Mangrove fashion

By Lice Movono-Rova

Published in The Fiji Times, Friday, September 20, 2013

 

MICHAEL Mausio is only 22 years old but he is already well-known in local fashion circles, even sitting on the executive committee of the Fashion Designers Alliance of Fiji.

The part-time law student at the University of the South Pacific will showcase his fashion design work at the Vodafone Echoes of the Pacific Show during next month's MHCC Fiji Fashion Week.

What makes Michael different though is that his garments are designed to ensure our oceans and in particular the mangroves are on the agenda of the urban young.

The designer is Fijian of Rotuman descent with European and iTaukei maternal ancestry, so one could say he grew up with both a love for, and appreciation of the Pacific Ocean.

Like most Fijians of Rotuman descent who live in urban Viti Levu, Michael comes from a culture rich and active family, so a lot of his design work has that character background. It is also a source of pride for Michael, one he hopes will seep into his garments at the October 3 show.

"The collection I will be showing is called Tiri. Tiri is Fijian for mangroves, my collection hopes to grab the attention of the young urban islander on the importance of our mangroves in terms of cultural and environmental wellbeing," Michael said.

"The mangroves play an important part in our ecosystem of which many of our cultural traditions are associated with."

In most Pacific island communities, mangroves are an important source of food giving a home to various spawning fish species and crustaceans.

Mangroves are also important to indigenous communities for medicinal purposes. Many Pacific communities still use mangrove timber as reinforcement for building construction.

Another important purpose worth highlighting is that mangroves serve as barriers to waves, particularly important in the event of a tsunami.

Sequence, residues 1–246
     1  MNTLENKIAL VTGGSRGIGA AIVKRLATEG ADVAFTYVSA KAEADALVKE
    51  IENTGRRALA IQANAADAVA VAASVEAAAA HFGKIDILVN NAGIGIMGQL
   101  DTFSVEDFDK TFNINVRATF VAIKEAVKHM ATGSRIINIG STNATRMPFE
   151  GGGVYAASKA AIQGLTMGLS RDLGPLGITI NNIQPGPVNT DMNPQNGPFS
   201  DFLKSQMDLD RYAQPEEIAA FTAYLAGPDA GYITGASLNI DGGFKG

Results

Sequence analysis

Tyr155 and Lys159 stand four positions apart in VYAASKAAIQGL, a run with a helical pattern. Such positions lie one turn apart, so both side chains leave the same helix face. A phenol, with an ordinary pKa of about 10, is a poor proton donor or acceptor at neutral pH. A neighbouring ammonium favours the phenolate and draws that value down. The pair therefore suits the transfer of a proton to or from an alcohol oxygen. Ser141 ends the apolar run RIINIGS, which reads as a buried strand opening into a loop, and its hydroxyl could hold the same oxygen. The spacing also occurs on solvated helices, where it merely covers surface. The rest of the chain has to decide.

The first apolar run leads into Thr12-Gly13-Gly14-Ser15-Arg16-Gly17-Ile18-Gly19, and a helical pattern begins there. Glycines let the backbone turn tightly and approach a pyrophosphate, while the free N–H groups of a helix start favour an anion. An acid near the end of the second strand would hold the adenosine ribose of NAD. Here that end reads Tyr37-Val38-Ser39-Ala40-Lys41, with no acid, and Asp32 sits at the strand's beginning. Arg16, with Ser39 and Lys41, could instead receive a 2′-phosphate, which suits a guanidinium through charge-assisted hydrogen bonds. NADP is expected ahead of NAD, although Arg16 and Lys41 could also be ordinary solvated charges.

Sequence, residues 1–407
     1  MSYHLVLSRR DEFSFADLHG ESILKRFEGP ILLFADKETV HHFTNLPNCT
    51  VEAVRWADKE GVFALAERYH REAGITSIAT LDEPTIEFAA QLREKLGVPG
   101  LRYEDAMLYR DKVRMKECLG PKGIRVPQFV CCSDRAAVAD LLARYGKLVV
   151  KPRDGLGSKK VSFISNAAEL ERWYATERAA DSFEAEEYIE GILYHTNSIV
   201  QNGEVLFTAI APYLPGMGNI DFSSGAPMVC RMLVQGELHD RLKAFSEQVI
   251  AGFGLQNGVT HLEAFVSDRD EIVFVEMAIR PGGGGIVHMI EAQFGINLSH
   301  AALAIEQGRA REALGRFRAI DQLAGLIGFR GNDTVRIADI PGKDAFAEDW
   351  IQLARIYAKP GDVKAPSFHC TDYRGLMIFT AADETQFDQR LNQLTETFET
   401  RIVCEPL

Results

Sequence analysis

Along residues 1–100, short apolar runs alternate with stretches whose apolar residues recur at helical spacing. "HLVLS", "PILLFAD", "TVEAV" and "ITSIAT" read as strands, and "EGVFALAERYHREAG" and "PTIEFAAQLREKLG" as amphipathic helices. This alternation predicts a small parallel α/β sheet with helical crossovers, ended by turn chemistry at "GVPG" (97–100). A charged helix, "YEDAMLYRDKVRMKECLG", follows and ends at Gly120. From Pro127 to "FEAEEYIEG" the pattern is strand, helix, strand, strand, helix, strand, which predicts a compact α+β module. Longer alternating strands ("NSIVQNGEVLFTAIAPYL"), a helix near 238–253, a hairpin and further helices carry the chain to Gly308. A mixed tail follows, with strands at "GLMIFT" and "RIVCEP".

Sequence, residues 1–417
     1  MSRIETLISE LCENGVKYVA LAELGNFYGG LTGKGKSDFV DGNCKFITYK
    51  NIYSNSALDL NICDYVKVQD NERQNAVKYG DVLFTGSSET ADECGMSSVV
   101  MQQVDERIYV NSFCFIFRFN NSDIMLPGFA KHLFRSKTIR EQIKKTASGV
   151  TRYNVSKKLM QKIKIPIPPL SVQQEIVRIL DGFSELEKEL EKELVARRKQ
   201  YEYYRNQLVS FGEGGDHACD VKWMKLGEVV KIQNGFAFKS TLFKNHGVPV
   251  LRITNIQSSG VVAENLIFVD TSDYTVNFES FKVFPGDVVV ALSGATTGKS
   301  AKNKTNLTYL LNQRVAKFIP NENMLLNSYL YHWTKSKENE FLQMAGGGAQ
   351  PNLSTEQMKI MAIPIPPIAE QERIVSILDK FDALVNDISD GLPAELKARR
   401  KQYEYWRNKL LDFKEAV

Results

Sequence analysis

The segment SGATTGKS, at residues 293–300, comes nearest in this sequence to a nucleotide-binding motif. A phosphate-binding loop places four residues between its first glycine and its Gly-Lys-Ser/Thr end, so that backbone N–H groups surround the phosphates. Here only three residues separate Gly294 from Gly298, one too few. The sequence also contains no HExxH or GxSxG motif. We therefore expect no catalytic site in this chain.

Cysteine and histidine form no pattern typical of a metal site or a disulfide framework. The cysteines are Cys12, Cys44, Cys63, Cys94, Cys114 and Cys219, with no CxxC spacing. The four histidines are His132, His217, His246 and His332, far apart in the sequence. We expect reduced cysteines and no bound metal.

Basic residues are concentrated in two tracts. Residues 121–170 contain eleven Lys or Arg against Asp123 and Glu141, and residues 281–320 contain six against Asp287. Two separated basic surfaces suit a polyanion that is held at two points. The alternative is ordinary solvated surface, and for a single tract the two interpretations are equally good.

In terms of fashion, mangroves provide effective and beautiful dye materials for printing.

An urban dwelling islander, Michael is keenly aware of how little his peers know about how essential mangroves are to a balanced ecosystem.

"So by highlighting the importance of the mangrove through fashion, I hope to raise awareness in the youth on its significance," Michael said.

"My cultural heritage is one of my biggest inspiration in my creativity, being from a diverse background, I was able to pick out the best aspects of each and try to combine them into a creative form which represents the best of the Pacific."

After completing high school, Michael took a two-year rest before starting his university degree, and he also spent that time working for well-known local fashion designer and artist, Rosie Emberson-Semisi.

It was also the birth of his love for fashion. He started off his label not long after having learnt from Mrs Semisi the rag trade — from sewing to screen printing and cutting.

Coupled with a love for outrigger canoeing and a short stint as curator of the Fiji Arts Council art gallery, the young designer's career was off to a good start.

"My prints are inspired by the mangroves and the pattern which I will be using is the urban street kid look, which specifically targets Pacific islanders living abroad yet want to have that island look but also maintain a western look at the same time," Michael said.

"I hope to be exposed to a wider audience and showcase the best of the Pacific internationally to Pacific islanders all over the world."

 

* Lice Movono-Rova is the Manager Public Relations & Media for Fiji Fashion Week.

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